Totally Not My Style…

Not My Style Ethical Fashion App Event | Curiously ConsciousAlisha Miranda, Founder of Not My Style

Birdsong Ethical Fashion | Curiously ConsciousBirdsong’s Embroidered Pants and Jewellery
Birdsong Wholesome AF Sweatshirt | Curiously ConsciousBirdsong’s Wholesome AF Sweatshirt

Birdsong Printed Dress | Curiously Conscious

On Thursday last week I had the pleasure of swanning around racks and racks of ethical clothes from some of the genuinely coolest ethical clothing brands I’ve seen. I’m sorry for bragging – I’m just excited!

It was an event set up by Not My Style, a clever app that rates fashion brands by the information they provide on the workers that make their clothing. Londoners can use the app on the go, with ratings across the city and a map function that tracks you as you shop. It’s as simple as that – the more information available, the better the rating. The app allows you to also send templated messages on Twitter or Facebook to the brands who don’t get a great rating, asking them why. Social action at the click of a button!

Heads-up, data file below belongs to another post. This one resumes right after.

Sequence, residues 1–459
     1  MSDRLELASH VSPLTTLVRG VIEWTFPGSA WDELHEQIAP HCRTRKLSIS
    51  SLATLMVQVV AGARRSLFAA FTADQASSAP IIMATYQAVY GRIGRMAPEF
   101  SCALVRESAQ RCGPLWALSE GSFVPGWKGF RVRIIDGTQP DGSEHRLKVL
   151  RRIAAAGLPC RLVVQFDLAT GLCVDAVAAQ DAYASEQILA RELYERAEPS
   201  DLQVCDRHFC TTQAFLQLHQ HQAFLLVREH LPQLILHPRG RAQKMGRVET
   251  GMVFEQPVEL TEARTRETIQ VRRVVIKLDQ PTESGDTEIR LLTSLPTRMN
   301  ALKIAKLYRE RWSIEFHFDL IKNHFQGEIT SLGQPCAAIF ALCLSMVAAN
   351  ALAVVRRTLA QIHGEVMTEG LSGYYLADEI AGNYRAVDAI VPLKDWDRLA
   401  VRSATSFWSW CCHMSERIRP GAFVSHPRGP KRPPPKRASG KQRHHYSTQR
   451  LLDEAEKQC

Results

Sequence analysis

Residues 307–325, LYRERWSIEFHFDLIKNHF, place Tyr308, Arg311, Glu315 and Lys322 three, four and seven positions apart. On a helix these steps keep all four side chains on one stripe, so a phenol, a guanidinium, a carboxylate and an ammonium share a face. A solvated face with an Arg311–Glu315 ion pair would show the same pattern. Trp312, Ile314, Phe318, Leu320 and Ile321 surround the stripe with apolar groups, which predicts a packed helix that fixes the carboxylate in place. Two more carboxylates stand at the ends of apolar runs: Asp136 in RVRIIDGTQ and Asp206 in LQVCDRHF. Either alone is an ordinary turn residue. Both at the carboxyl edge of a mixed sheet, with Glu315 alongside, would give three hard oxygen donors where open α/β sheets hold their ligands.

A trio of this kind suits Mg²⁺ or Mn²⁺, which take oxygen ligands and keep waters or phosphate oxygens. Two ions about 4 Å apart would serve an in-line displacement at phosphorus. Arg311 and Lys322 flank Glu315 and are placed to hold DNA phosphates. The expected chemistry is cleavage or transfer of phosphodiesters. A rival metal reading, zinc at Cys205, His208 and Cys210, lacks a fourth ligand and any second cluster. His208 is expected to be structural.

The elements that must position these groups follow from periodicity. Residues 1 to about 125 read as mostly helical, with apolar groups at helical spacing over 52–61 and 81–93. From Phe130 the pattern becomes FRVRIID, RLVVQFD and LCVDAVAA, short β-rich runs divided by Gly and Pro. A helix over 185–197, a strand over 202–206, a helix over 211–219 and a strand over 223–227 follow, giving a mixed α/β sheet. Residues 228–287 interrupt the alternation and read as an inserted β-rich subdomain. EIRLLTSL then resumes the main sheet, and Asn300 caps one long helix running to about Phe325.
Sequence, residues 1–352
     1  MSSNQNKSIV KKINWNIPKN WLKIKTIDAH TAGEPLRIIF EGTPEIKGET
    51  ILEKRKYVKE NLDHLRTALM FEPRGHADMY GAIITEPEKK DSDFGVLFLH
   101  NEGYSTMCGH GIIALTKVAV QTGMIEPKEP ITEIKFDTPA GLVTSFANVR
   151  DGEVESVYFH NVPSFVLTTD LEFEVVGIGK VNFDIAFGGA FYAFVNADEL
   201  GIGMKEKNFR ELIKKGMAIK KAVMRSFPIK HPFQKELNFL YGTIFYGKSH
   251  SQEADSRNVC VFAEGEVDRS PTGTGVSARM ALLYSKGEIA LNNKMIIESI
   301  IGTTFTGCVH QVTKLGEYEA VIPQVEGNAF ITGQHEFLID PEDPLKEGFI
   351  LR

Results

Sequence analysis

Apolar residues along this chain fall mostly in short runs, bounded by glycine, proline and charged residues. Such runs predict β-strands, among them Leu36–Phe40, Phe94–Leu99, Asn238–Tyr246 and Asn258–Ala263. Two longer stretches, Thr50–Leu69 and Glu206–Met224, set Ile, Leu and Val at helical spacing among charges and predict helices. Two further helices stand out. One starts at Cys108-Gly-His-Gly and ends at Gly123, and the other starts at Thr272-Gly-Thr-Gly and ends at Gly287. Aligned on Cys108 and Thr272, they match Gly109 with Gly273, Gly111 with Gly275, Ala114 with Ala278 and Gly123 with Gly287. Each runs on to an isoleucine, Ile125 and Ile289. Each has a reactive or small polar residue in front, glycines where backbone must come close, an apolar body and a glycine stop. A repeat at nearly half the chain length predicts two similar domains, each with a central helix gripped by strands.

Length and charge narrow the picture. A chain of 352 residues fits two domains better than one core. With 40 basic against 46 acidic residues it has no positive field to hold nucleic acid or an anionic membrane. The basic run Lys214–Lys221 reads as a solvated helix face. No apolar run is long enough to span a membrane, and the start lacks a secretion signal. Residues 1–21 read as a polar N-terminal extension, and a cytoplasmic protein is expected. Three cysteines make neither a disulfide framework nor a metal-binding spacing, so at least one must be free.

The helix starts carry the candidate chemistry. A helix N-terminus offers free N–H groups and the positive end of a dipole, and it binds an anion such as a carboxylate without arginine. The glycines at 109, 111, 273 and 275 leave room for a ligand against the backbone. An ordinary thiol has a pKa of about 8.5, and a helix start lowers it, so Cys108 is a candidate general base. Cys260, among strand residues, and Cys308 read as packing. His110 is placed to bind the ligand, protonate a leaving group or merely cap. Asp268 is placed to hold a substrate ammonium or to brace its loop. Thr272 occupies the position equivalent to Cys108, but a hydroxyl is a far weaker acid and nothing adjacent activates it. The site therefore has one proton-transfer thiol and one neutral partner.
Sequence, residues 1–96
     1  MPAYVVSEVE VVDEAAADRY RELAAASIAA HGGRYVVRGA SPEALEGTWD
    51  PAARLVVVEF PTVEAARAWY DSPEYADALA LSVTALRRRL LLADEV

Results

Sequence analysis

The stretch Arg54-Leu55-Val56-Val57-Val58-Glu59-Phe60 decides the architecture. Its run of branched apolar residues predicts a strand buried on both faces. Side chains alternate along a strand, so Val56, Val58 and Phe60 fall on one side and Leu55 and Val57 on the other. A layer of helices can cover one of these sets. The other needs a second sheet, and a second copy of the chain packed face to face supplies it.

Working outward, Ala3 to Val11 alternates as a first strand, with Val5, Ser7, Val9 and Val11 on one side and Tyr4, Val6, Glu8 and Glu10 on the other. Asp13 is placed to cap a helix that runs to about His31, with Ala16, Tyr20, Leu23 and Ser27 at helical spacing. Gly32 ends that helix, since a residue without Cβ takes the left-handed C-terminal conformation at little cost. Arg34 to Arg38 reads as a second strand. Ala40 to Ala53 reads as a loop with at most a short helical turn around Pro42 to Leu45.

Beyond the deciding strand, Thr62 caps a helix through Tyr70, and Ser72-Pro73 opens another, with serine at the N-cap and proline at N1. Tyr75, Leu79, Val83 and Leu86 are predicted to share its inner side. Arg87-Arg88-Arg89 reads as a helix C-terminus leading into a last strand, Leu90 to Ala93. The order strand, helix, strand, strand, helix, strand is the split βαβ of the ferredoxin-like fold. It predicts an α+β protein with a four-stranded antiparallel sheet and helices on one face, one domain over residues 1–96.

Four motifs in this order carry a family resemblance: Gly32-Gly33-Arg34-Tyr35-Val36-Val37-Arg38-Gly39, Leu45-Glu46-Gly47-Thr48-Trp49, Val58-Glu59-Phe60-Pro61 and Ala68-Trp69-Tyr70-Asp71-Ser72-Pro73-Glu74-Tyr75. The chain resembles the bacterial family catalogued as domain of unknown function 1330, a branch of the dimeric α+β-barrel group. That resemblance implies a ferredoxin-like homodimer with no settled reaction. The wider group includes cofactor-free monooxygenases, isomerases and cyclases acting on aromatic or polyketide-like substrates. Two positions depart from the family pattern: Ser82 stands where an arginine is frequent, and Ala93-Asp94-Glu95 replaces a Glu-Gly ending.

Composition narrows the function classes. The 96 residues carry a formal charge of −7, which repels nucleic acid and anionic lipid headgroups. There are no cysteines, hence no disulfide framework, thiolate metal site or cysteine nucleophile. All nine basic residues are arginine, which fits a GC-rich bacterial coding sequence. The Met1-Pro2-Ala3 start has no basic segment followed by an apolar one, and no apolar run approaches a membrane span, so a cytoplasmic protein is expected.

Supporting Not My Style was four ethical fashion brands (I imagine all of whom have green ratings!):


Okay, I’m not going to lie – Birdsong were right up my street. Quirky slogans, stories of East End nanas knitting their jumpers, and embroidery on ethically made socks made me fall in love. Expect to see a lot more fangirling from me on the blog!

Wear The Walk

Wear The Walk is possibly the most innovative brand I’ve met in a while – and I LOVED their clothes. I kept gravitating towards their slightly scary, slightly gorgeous striped jacket and discovered they are pioneering an ethical haute couture rental service. You pay £50/month to rent whatever two garments you want (or rent each piece at its own rate) and you can change it up as often as you like. Amazing.


Adrenna is an ethical activewear brand that believes in complete personalisation – pieces are custom-made per order, allowing you to pick your own style and colours. Founder Julie Ngov explained to me that she believes in a zero-waste system, with materials being bought to order and made how you like it.

The Social Mercenary

Despite its kinda menacing name, The Social Mercenary is a brand combining social conscience with traditional Ghanian prints and some serious street style. I spoke to India, who told me she’s super particular about the clothes she sources, selecting each second-hand piece herself and then designing onto them. Check them out!


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